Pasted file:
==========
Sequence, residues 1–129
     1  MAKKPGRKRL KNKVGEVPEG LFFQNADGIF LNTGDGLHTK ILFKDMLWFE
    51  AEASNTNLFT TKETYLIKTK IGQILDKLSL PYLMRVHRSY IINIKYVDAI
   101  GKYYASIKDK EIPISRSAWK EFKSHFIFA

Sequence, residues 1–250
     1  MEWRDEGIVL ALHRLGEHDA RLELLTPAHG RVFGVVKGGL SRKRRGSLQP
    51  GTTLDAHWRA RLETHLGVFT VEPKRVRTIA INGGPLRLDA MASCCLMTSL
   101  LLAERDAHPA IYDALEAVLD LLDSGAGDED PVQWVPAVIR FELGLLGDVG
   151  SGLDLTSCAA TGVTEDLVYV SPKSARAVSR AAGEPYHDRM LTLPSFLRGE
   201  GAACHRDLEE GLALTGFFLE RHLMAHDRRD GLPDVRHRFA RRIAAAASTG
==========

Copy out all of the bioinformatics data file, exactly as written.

Sequence, residues 1–129
     1  MAKKPGRKRL KNKVGEVPEG LFFQNADGIF LNTGDGLHTK ILFKDMLWFE
    51  AEASNTNLFT TKETYLIKTK IGQILDKLSL PYLMRVHRSY IINIKYVDAI
   101  GKYYASIKDK EIPISRSAWK EFKSHFIFA

Sequence, residues 1–250
     1  MEWRDEGIVL ALHRLGEHDA RLELLTPAHG RVFGVVKGGL SRKRRGSLQP
    51  GTTLDAHWRA RLETHLGVFT VEPKRVRTIA INGGPLRLDA MASCCLMTSL
   101  LLAERDAHPA IYDALEAVLD LLDSGAGDED PVQWVPAVIR FELGLLGDVG
   151  SGLDLTSCAA TGVTEDLVYV SPKSARAVSR AAGEPYHDRM LTLPSFLRGE
   201  GAACHRDLEE GLALTGFFLE RHLMAHDRRD GLPDVRHRFA RRIAAAASTG